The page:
Willie Nelson headlines Mahi’ai Music Festival in Maui (August 24, 2019)

by: Jon Woodhouse

The seeds for a future Maui version of Farm Aid were planted on Saturday at the Mahi’ai Music and Food Festival held at Maui Country Club in Spreckelsville.

Opening with his classic “Whisky River,” country icon Willie Nelson headlined the sold-out fundraising event which featured an incendiary set by Lukas Nelson & Promise of the Real, joined by Micah Nelson (who also performed as the Particle Kid), uplifting reggae with Marty Dread, Pat Simmons, Jr.’s heartfelt songs and Tavana’s dazzling slide guitar playing.

Proceeds from the festival will benefit the Mahi’ai Foundation and the Hawaii Farmers Union Foundation.

“Through the generous support and vision of the Willie Nelson ohana, this event will usher in future public Hawaii Farm Aid-style events in support of our family of farmers here in Hawaii,” says Hawaii Farmers Union United President Vincent Mina, who joined POTR on stage playing harmonica on Neil Young’s “Heart of Gold.”

The Mahi’ai Foundation plans to provide a model for Maui and the neighbor islands by “uplifting the stewards of our land,” according to their website.

“Mahi’ai is about using the communal power of live music to unite body and soil, educate the community about the importance of the aina, empower local regenerative agricultural programs, and ultimatelycreate a more sustainable future for Hawaii.”

For a number of years, Micah Nelson has envisioned some kind of Farm Aid event on Maui that would support regenerative agriculture.

“I grew up on Maui, and this is a way of giving back a little bit,” explains Micah, who has been touring on the Mainland for the last three months. “I met Vincent Mina, and we started talking about how we should do something for the farmers. I visited his farm in Wailuku, and we talked about the importance of regenerative farming and healthy soil. Later, I was playing a Mana’o Radio show at Casanova [in Makawao], and Jaime Moreland approached me and said, ‘I’ve been envisioning some kind of sustainable concert on Maui.’ We started meeting and brainstorming this event.”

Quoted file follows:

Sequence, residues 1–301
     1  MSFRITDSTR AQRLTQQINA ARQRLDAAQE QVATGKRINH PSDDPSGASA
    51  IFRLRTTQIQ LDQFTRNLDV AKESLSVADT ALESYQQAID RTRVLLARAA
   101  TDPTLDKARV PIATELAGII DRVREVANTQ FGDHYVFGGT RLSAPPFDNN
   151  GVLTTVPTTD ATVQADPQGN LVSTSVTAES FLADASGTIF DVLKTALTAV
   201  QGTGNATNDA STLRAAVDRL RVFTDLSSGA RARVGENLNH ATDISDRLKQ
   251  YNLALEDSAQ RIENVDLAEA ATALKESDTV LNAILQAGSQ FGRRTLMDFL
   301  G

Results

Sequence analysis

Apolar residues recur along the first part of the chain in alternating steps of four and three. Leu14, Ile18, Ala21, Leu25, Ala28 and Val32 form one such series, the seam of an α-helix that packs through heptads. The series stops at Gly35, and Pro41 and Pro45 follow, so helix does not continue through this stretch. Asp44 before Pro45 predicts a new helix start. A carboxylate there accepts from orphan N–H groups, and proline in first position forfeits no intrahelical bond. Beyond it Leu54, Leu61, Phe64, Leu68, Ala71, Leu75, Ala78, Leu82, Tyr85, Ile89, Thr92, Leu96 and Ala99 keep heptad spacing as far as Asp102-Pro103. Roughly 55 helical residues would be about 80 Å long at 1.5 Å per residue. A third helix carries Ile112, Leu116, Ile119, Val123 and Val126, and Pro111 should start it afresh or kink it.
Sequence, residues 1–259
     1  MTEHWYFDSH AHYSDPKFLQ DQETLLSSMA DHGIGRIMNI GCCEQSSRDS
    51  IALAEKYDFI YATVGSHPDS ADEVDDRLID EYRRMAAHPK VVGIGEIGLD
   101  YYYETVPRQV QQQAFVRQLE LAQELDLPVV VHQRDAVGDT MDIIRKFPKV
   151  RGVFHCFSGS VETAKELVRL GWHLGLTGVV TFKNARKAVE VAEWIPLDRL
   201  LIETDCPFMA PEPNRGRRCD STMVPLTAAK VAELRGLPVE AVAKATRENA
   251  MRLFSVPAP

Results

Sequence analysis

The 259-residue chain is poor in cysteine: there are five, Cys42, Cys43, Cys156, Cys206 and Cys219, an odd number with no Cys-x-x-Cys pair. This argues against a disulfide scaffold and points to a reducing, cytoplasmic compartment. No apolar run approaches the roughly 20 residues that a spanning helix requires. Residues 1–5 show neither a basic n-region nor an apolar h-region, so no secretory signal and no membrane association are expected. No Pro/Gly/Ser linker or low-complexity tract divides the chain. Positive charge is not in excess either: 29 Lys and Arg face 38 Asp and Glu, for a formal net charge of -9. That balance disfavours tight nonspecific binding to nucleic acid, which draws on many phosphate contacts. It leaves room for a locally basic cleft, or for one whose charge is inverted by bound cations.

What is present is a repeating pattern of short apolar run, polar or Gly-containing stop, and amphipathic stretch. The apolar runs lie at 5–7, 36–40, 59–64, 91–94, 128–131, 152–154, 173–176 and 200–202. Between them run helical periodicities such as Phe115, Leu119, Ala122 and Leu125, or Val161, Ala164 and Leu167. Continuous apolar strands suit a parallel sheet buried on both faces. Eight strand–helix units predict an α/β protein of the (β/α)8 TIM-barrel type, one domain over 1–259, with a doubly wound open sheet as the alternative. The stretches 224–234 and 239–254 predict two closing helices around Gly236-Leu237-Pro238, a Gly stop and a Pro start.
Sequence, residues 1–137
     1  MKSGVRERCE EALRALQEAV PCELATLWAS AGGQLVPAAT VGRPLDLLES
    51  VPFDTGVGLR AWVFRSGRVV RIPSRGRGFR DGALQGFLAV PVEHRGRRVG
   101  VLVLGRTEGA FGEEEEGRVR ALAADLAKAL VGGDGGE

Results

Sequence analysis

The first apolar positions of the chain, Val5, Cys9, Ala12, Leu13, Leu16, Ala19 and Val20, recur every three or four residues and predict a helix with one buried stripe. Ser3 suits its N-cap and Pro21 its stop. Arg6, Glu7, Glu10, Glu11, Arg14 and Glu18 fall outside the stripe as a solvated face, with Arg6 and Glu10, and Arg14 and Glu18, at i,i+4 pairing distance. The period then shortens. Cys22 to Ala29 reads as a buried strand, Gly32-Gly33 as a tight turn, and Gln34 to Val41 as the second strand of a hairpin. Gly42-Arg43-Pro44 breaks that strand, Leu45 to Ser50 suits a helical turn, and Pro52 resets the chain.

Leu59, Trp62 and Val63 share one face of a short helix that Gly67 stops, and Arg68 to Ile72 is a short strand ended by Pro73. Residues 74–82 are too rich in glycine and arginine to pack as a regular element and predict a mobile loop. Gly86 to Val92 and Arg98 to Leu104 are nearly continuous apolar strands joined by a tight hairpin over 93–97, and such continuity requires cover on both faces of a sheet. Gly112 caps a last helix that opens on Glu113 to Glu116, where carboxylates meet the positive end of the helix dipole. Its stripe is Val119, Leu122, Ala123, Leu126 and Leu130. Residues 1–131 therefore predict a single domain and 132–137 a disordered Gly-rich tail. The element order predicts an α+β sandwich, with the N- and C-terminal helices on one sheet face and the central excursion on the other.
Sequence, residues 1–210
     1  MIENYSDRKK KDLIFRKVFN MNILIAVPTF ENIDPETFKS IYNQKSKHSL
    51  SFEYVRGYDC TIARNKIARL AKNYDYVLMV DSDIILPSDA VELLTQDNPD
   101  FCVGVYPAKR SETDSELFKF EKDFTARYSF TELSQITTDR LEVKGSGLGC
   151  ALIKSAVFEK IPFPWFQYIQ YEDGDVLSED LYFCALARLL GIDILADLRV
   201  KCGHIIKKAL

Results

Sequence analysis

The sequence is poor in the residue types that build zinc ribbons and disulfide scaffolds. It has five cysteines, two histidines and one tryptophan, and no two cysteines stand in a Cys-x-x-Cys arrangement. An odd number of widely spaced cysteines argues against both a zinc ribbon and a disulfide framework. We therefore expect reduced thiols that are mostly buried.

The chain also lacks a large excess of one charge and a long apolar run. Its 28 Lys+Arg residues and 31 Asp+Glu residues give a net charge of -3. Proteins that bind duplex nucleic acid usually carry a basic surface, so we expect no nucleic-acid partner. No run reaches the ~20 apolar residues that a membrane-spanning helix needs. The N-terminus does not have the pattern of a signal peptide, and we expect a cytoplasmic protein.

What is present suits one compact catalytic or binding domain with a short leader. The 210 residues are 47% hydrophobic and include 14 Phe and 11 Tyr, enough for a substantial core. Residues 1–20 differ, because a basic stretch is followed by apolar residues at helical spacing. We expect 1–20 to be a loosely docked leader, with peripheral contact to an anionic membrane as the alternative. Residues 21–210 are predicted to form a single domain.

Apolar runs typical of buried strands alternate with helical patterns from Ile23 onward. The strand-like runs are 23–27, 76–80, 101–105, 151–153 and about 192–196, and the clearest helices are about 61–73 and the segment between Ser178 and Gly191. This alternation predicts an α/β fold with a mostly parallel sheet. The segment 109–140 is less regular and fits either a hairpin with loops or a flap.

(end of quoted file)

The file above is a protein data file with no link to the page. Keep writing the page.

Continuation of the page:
With his dad out on the road a lot and his brother, Lukas, touring with Promise of the Real and Neil Young, it was challenging to pick a time that worked for everyone.

“It’s been a while in the making,” Micah continues. “I knew around my mom’s birthday every year on Aug. 27, we’d all be on Maui. This date worked out because everyone was going to be here.”

Long a champion of farmers, 86-year-old country legend Willie Nelson was able to perform on Maui even though he had to cancel some Mainland tour shows to rest up. At the festival, backed by his sons, he was in top form performing some of his best loved gems and demonstrating his impressive electric guitar playing.

Back on the road again in early September, Willie reported in an interview with San Antonio’s KSAT News that he planned to “keep singing, keep writing. That’s what keeps me going.”